Publisher: Atom Books
Length: 497 Pages
'I felt like I was trapped in one of those terrifying nightmares, the ones where you have to run, run till your lungs burst, but you can't make your body move fast enough.'
The next 'Guilty Pleasure Read' I'm reviewing is 'New Moon', the second part of the 'Twilight' trilogy.
When Edward Cullen, a vampire who controls his thirst for blood for hunting animals rather than humans; leaves Isabella Swan to save her from getting into any more trouble due to their relationship, Bella sinks into a deep depression which alienates herself from her friends and loved ones.
However, when she discovers that she can hear the voice of Edward in her mind during dangerous situations, she will stop at nothing to feel closer to him. So she buys a motorbike, an item discouraged by her father Charlie and asks Jacob Black, a boy living in La Push reservation, to help her to fix the bike in secret.
During this time the two become close, so close in fact that Bella has to make a decision about who she really wants.....Edward or Jacob? However, Jacob has a secret. When he is angry, he turns into a werewolf and this throws Bella into turmoil about where her loyalties lie, as the vampires and werewolves have been enemies for centuries.
When the death of one of Charlie's friend's leads Edward to believe that the funeral being held is actually for Bella, he travels to Italy, to annoy the 'Volturi', a sort of the vampire Mafia if you will, in the hope that he will be able to 'die' and be with Bella. However, when he decides against this method, Bella races against time to save Edward from walking into the midday sun and 'dying'. However that's not all. After saving Edward, the 'Volturi' get word about Bella and after an altercation between Bella, Edward and Aro, the boss of the group, they make Edward promise that Bella will be turned into a vampire and if not, then the group will do it themselves.
Of course, this is what Bella wants, however Edward isn't enthusiastic about the idea. So she holds a meeting to see whether or not the Cullen family will consent to her joining their 'family'. The book ends with Edward reluctantly promising to turn Bella into a vampire himself, to secure the safety of Bella and her parents but with the condition, that Bella marries Edward. Will Bella accept Edward's proposal? Can Bella have Edward but still be friends with Jacob, despite the hostility between the vampires and the werewolves?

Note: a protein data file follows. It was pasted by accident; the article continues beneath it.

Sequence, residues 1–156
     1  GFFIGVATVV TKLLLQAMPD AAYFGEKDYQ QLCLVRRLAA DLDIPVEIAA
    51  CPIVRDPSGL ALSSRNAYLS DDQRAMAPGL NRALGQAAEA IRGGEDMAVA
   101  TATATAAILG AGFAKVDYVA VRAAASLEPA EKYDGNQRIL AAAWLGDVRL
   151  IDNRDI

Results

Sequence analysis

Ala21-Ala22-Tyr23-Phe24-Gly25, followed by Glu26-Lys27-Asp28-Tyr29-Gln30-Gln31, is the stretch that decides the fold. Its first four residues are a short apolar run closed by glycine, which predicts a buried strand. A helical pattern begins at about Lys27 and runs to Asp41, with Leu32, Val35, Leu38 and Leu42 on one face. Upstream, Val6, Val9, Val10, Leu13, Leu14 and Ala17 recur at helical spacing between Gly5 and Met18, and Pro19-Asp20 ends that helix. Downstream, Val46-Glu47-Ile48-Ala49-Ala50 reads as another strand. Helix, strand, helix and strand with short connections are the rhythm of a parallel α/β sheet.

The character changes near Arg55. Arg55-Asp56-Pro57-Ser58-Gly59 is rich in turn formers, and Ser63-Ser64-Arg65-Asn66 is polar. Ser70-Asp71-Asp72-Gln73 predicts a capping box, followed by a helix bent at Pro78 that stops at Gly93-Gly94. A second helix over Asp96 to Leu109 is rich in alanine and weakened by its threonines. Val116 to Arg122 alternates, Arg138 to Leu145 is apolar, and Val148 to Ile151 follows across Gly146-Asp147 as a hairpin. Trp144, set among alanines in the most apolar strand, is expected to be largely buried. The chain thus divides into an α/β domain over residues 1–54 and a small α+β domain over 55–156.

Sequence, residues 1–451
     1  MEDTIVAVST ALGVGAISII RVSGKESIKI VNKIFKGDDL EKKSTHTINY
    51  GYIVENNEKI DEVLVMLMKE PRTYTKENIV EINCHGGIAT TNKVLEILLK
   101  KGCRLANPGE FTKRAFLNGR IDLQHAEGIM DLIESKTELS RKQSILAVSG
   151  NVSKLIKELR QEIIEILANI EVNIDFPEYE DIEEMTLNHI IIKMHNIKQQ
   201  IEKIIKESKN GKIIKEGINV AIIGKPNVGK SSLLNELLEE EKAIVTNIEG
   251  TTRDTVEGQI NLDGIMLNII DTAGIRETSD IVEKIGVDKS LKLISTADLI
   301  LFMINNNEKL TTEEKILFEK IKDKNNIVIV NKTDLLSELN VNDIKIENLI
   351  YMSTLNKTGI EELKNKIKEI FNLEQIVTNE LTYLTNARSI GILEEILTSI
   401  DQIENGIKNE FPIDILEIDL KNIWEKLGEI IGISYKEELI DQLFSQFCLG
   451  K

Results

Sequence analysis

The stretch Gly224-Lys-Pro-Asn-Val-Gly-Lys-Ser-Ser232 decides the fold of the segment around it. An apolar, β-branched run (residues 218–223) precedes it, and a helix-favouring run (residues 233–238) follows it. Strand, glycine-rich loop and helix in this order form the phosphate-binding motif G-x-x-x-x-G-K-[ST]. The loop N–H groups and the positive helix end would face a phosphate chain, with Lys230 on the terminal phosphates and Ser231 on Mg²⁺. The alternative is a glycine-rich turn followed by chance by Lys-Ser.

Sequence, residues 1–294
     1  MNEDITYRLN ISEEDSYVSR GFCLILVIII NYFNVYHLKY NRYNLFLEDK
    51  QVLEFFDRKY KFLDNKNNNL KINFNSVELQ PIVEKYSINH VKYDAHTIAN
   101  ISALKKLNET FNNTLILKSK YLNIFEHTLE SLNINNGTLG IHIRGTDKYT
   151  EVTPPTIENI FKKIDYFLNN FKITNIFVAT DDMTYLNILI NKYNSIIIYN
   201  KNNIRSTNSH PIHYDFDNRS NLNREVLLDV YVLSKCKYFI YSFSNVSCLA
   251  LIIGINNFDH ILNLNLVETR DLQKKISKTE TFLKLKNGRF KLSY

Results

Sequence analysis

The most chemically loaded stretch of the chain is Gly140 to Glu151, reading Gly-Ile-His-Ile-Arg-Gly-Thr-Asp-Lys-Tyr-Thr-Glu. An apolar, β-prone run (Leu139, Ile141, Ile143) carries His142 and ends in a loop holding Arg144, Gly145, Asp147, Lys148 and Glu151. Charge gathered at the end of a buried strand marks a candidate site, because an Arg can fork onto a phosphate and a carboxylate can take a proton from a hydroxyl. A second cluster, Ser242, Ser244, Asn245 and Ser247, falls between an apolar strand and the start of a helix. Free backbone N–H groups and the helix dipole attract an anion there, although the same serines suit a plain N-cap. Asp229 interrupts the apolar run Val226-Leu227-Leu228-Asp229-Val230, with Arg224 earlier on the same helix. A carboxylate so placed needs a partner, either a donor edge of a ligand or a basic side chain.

Well again, I've probably given away too much as it is, so you'll just have to read this for yourselves!
I was a little disappointed with this book to be honest. It's more the first half of the book I had a problem with. It didn't quite match the intensity and subtlety that 'Twilight' did. The relationship between Jacob and Bella wasn't quite as convincing as Edward's and Bella, in fact the relationships between Bella and most of her high school friends, were more convincing in my opinion. I felt like Jacob was just a bit of a plot devise to try and spice things up a bit.
I also found Meyer's writing to be good, but a bit contradictory. I don't understand why Bella finds being in love with a vampire so easy to accept, but when she find out that Jacob has turned into a werewolf, she has such a hard time about it. It didn't quite sit right with me.
The other problem I have with this novel, is that it seemed that Meyer had simply recycled elements from other books and conveniently put them in her own novel. For example, she takes the idea of star crossed lovers killing themselves to be with each other, featured in 'Romeo and Juliet' and also the part in Italy when Bella is racing to save Edward, is reminiscent of a large portion of Dan Brown's 'Angels and Demons'. I felt that 'New Moon' should have been a little more original than that.
On the plus side, the pace was well balanced and I still enjoyed the later half of the novel, it was a lot more interesting than the first half, which was just a lot of teen angst in my opinion.
I enjoyed reading this novel, despite its flaws and will definitely continue reading this series even though at times, it is a bit silly.
On the issue of reading novels within a series, I have been wondering whether I should judge these novels as a whole or individually, what do you think? Can you see each novel in a series individually or do you reserve judgment until you have read them all?
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